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Beasts Book Cover, written by Desiree Acuna
|Publication date||June 27, 2010|
|Followed by||Demonic Possession|
Beasts is a collection of works written by Kimberly Raye, which is the pseudonym of the author Kimberly Zant. In this collection, an Incubus, named Baelin, is a central character of the work Summoning the Beast.
- Title: Beasts
- Author: Desiree Acuna
- Published By: CreateSpace
- Length: 204 Pages
- Format: Paperback
- ISBN-10: 145363410X
- ISBN-13: 978-1453634103
- Publishing Date: June 27, 2010
Summoning the Beast: Having exhausted every avenue open to her in her quest to save her mother's life, Cara resorts to the unorthodox. She never really believed in the occult, however, and therein lies her problem. A believer wouldn't have been as careless and left herself wide open to the wiles of an incubus like Baelin!
The BeastMaster's Slave: As a reluctant favor to her parents, and because it aroused her suspicions, Maura agreed to check out the link between the suicides and the owner of Noir. She got far more than she bargained for.
The following review was originally published by Tera on her Blog, A Succubi's Tale on April 11, 2017
An anthology of three stories which tell of the trails and tribulations of incubi summoned to Earth and the ones that summoned them. There is misunderstanding, need, want and in time, the realization that there’s more to life than what each thinks is their lot. It’s the question of what happens when they can be more than they are.
Each work in the collection is written with strong characters, well thought out scenes, both passionate and not so much so. There’s time taken to draw the world, centre the characters and, in time, develop them beyond what might otherwise be expected. As such, the depth of the author’s writing gives rise to some amazingly good storytelling.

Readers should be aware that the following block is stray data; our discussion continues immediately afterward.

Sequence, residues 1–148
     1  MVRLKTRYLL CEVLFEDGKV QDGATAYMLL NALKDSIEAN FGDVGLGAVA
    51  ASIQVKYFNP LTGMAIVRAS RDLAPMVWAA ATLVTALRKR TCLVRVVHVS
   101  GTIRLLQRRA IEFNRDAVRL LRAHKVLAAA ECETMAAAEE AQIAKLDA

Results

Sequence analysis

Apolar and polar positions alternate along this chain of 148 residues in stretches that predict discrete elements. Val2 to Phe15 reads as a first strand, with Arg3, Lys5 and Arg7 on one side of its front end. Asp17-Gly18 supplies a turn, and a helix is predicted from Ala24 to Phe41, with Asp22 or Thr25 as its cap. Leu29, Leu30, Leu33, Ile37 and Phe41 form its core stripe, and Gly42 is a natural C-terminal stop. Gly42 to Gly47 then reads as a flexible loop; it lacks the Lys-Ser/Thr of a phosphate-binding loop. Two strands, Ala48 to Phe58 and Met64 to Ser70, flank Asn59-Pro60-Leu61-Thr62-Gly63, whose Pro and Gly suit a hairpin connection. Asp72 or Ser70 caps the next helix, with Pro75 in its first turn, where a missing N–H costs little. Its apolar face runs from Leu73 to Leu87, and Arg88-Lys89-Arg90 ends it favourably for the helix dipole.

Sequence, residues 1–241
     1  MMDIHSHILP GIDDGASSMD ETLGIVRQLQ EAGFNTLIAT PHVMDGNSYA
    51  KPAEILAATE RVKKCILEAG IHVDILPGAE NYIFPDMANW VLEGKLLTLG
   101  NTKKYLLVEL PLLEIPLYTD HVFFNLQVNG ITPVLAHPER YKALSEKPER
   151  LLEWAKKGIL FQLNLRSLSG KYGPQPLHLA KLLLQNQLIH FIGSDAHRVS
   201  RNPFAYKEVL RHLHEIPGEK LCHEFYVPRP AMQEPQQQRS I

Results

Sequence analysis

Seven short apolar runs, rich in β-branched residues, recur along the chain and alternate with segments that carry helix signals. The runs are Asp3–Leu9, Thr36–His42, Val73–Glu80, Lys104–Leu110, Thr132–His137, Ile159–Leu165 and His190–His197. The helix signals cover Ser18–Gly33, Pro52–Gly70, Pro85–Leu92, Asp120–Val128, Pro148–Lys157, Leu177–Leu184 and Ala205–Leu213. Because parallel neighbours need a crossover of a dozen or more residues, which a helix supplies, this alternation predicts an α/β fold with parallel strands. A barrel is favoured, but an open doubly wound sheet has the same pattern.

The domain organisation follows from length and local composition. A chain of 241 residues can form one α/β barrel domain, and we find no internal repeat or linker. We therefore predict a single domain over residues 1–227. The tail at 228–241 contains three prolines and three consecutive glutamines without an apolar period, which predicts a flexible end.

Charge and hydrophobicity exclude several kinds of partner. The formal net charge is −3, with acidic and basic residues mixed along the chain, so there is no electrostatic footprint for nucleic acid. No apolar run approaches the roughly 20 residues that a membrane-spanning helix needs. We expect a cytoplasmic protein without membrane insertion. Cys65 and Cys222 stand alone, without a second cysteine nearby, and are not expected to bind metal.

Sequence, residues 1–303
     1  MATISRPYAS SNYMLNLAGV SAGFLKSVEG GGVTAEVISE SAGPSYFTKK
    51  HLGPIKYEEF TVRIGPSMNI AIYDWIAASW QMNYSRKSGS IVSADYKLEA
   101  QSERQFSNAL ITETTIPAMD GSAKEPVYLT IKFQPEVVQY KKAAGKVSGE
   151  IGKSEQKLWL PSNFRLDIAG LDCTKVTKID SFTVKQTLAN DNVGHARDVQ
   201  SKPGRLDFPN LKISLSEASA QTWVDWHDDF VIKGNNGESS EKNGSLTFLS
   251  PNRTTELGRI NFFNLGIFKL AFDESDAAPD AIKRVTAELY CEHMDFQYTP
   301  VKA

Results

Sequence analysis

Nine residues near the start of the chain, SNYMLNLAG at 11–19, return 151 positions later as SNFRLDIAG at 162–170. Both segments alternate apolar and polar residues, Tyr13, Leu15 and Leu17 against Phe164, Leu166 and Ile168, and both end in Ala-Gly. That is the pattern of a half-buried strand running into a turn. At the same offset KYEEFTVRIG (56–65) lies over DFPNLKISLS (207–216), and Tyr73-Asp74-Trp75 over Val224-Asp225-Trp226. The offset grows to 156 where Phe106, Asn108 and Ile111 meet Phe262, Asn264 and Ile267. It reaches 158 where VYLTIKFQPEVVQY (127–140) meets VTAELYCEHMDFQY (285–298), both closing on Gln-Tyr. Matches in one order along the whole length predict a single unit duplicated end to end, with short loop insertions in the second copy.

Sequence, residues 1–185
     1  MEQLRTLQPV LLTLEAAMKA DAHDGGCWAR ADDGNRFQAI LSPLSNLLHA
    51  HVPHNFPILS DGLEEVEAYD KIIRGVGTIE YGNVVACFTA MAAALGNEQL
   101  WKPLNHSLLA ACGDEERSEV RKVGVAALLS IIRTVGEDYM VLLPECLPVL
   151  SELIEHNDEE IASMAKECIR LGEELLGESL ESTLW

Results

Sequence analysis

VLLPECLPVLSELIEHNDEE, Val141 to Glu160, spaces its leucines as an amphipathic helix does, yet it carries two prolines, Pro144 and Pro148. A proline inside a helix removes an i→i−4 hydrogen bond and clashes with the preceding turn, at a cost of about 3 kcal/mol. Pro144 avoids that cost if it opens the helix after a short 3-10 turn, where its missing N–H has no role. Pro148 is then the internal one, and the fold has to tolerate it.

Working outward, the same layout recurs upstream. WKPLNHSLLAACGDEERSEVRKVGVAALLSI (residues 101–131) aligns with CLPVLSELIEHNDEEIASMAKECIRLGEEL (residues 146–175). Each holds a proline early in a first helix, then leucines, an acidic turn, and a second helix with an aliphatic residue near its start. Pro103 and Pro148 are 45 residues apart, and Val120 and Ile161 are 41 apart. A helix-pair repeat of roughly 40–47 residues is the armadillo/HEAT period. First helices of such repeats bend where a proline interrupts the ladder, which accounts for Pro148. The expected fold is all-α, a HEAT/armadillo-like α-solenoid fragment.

The incubi of the work are not kept static as each story unfolds. They grow, explore themselves and come to see that while they are incubi, that doesn’t mean they have no soul, cannot feel or understand. It’s a learning experience for them all, as is that of each of the mortals they are connected to. The changing of their perceptions of not just who they are, but humanity as a whole, and the souls they come to, is a deeply told plot on its own.
The erotica has lovely heat and keeps that through each story as the characters develop and the raw need changes over time. It’s quite telling as the incubi themselves find their understanding of themselves and mortals, being bent, then reformed into something far different than it was at the beginning.
The writing is very good, but if there’s one thing that I didn’t quite enjoy, it was the endings of each part of the collection. They felt too rushed, almost pat or expected at times. Given the time to draw the characters together, the heat of the erotica, it was a bit disappointing when the endings rushed through the choices made, the results of those choices and then quickly ended the tale. I’d have loved to know more of what comes next for each, even if that was only to clear up some dangling plots and perhaps tie up a few loose ends. It’s a minor quibble, I admit, but it just seemed to take something from each work and that was a shame.
Four out of five pitchforks.
Delightfully moving, well written and most of all, the characters weren’t silly, acted odd or worse, were far too over the top. Each character, incubus or not, felt real, made sense and in being so the erotica was stronger, the passions more alive.
There wasn’t perfection to be found, each character had to figure things out on their own, especially the incubi themselves. A lovely read, one that I loved dearly overall. I just wish that the endings for each part weren’t so quickly done as they were.